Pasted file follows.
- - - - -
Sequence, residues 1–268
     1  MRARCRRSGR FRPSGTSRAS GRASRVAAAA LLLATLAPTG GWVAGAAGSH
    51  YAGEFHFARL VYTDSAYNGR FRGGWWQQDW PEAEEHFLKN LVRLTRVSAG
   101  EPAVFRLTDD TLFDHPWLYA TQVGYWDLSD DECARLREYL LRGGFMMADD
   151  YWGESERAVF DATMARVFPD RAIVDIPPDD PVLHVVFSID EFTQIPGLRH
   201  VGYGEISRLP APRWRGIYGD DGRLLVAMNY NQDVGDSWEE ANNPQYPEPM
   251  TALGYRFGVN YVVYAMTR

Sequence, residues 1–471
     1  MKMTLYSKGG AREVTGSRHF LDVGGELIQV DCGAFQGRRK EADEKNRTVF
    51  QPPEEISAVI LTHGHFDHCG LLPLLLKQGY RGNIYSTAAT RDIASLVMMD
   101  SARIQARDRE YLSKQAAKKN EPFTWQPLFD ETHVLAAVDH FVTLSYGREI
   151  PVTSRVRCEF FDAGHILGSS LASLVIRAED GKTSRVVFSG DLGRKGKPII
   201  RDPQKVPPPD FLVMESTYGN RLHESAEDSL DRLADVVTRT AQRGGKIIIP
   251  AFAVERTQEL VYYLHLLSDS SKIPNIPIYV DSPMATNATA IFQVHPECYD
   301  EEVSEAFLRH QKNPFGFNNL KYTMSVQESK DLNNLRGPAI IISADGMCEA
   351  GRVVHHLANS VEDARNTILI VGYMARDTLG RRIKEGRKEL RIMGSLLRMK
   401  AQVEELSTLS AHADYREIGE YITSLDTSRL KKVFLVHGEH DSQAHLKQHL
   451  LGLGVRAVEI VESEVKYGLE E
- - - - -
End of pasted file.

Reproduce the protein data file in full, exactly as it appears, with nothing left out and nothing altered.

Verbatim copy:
Sequence, residues 1–268
     1  MRARCRRSGR FRPSGTSRAS GRASRVAAAA LLLATLAPTG GWVAGAAGSH
    51  YAGEFHFARL VYTDSAYNGR FRGGWWQQDW PEAEEHFLKN LVRLTRVSAG
   101  EPAVFRLTDD TLFDHPWLYA TQVGYWDLSD DECARLREYL LRGGFMMADD
   151  YWGESERAVF DATMARVFPD RAIVDIPPDD PVLHVVFSID EFTQIPGLRH
   201  VGYGEISRLP APRWRGIYGD DGRLLVAMNY NQDVGDSWEE ANNPQYPEPM
   251  TALGYRFGVN YVVYAMTR

Sequence, residues 1–471
     1  MKMTLYSKGG AREVTGSRHF LDVGGELIQV DCGAFQGRRK EADEKNRTVF
    51  QPPEEISAVI LTHGHFDHCG LLPLLLKQGY RGNIYSTAAT RDIASLVMMD
   101  SARIQARDRE YLSKQAAKKN EPFTWQPLFD ETHVLAAVDH FVTLSYGREI
   151  PVTSRVRCEF FDAGHILGSS LASLVIRAED GKTSRVVFSG DLGRKGKPII
   201  RDPQKVPPPD FLVMESTYGN RLHESAEDSL DRLADVVTRT AQRGGKIIIP
   251  AFAVERTQEL VYYLHLLSDS SKIPNIPIYV DSPMATNATA IFQVHPECYD
   301  EEVSEAFLRH QKNPFGFNNL KYTMSVQESK DLNNLRGPAI IISADGMCEA
   351  GRVVHHLANS VEDARNTILI VGYMARDTLG RRIKEGRKEL RIMGSLLRMK
   401  AQVEELSTLS AHADYREIGE YITSLDTSRL KKVFLVHGEH DSQAHLKQHL
   451  LGLGVRAVEI VESEVKYGLE E